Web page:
In the confines of a hot oven, a few simple ingredients can be transformed into a gourmet dish. Similarly, 3D printers have the capacity to take something that previously existed only in a maker’s mind and almost magically bring it to life.
But eggs do not become soufflés on their own, and before pressing PRINT, most ideas for the next cool toy or innovative device must first cross a wide divide from analog concept to digital rendition. For some makers, this is a major obstacle to joining the 3D revolution. Much of the traditional design software used for producing three-dimensional models can be overwhelmingly complex.
Into this breach have leapt a host of innovators, creating accessible design tools that empower tinkerers, hackers and maker entrepreneurs to print their own 3D masterpieces.
We spoke with one of those innovators, Eric Wilheim, founder of Instructables and director of communities at Autodesk. Wilheim is leading the charge to make 3D printing more accessible. He says the cooking analogy is apropos.
“When I lead tours of Pier 9 — Autodesk’s 27,000-foot workshop space in San Francisco — I usually start in the test kitchen,” he said, adding that the kitchen is a sort of gateway drug for visitors to the rest of the software tools and hardware that they produce. “People get their mind around, ‘OK, wait a minute. I do make something.'”
Once the maker mindset has been engaged, the task for Autodesk, says Wilhelm, is to provide the inspiration and tools that allow even the least technical of tinkerers to take the leap into the digital realm.
This process of embolden-inspire-empower is fundamental to the philosophy behind Instructables. Crochet apparel, homemade aquariums, solar projects and LED toys — regardless of the project, the platform makes it easy for crafters and tinkerers to share their ideas and techniques with others.
Wilheim says part of the power of Instructables is that it gives makers a push to get started. A blank piece of paper can be intimidating. “But if I just draw three lines on that sheet of paper and say ‘Step one, step two, step three’, there’s now a framework that gives you a better way of breaking it down.”
That framework for translating a masterpiece into something that anyone can tackle is the kernel of many of Autodesk’s latest products and exemplifies their philosophy for how new digital design tools should make it easier for makers to move into advanced processes like 3D printing.
Wilheim points to advances in 3D-scanning tools as an essential part of helping makers move into the digital realm. Autodesk’s 123D Catch software, along with depth cameras like those used by the Kinect and emerging apps like Rendor, promise to catapult users to a place where anything in the world can be modeled and printed with the use of just a smartphone.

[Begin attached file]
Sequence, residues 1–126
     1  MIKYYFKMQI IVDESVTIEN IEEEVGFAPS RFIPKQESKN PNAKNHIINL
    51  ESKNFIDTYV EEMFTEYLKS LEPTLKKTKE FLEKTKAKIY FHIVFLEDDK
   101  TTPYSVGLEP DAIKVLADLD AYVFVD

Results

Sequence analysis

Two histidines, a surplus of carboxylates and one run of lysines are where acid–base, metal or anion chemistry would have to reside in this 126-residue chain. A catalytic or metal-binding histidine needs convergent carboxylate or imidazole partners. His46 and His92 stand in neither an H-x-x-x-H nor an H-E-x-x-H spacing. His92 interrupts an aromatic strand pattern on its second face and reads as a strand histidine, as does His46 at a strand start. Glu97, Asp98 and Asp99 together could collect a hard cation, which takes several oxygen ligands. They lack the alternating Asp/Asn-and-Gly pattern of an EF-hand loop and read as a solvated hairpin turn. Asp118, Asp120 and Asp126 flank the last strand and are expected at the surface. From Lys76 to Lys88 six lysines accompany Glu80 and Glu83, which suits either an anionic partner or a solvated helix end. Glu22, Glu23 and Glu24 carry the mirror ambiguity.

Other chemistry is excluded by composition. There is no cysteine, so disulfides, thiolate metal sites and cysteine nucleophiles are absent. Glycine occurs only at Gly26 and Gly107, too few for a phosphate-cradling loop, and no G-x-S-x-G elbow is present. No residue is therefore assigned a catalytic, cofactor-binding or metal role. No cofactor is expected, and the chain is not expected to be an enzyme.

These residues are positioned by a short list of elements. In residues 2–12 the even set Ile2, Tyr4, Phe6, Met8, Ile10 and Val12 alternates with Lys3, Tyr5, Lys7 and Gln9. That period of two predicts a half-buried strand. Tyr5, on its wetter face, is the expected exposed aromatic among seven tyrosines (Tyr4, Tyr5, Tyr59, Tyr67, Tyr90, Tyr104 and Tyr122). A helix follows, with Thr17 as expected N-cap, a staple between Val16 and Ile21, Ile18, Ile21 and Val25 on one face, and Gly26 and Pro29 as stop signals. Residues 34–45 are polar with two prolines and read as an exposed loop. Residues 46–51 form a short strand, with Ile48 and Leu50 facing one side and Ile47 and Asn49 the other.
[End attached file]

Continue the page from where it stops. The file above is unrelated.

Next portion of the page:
Wilheim says these products aren’t yet fool-proof as they still require some insider knowledge about angles of reflection and how to tweak the software itself. Once users can afford to ignore what’s going on “under the hood,” he says, “I think that’ll start making a big difference.”
Additionally, says Wilheim, there is a need for better tools to create 3D models from scratch. He praised apps like Tinkercad and Autodesk’s Sculpt, which build on simple geometry as a means of accommodating users not yet familiar with 3D design principles. According to Wilheim, though, all innovators are being held back by traditional design software that just wasn’t built with 3D printing in mind. Spark, Autodesk’s recently announced open-source software platform, is intended to remedy this, offering CAD functionality that is designed specifically for additive manufacturing.
So will we soon see custom-printed tchotchke on every maker’s desk and workbench? “The 3D printer in everyone’s home? I’m not so sold on that,” said Wilheim. “I’m not interested in garden gnomes. I am interested in the geometry that can only be made by 3D printing.”
The real transformation promised by 3D printing happens when people completely rethink design and fabrication, said Wilheim. He wants to see the light bulb go off for makers that they can make something light and elegant but as functional as something that’s pricier and heavier and uses more material. The key isn’t where or even how makers do their printing. Rather, the revolution lies in making the whole creative process more accessible so that DIYers develop a fluency with complex geometries faster and at an earlier age.
For a successful soufflé, a good mixer and a steady hand are essential to whipping humble eggs into a fluffy new state. A pencil sketch of the next maker masterpiece must also undergo a change of form before it is ready for prototyping — a digital transformation. Eric Willheim is helping to build the next wave of accessible design tools to facilitate the transformation … and make 3D printing available to all.